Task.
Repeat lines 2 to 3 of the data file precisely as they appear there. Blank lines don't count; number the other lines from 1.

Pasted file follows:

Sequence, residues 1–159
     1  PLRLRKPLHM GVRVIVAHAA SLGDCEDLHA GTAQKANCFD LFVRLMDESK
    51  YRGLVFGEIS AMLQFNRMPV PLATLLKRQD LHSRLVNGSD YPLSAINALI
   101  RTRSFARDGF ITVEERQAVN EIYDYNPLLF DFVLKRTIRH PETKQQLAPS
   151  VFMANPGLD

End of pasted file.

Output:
     1  PLRLRKPLHM GVRVIVAHAA SLGDCEDLHA GTAQKANCFD LFVRLMDESK
    51  YRGLVFGEIS AMLQFNRMPV PLATLLKRQD LHSRLVNGSD YPLSAINALI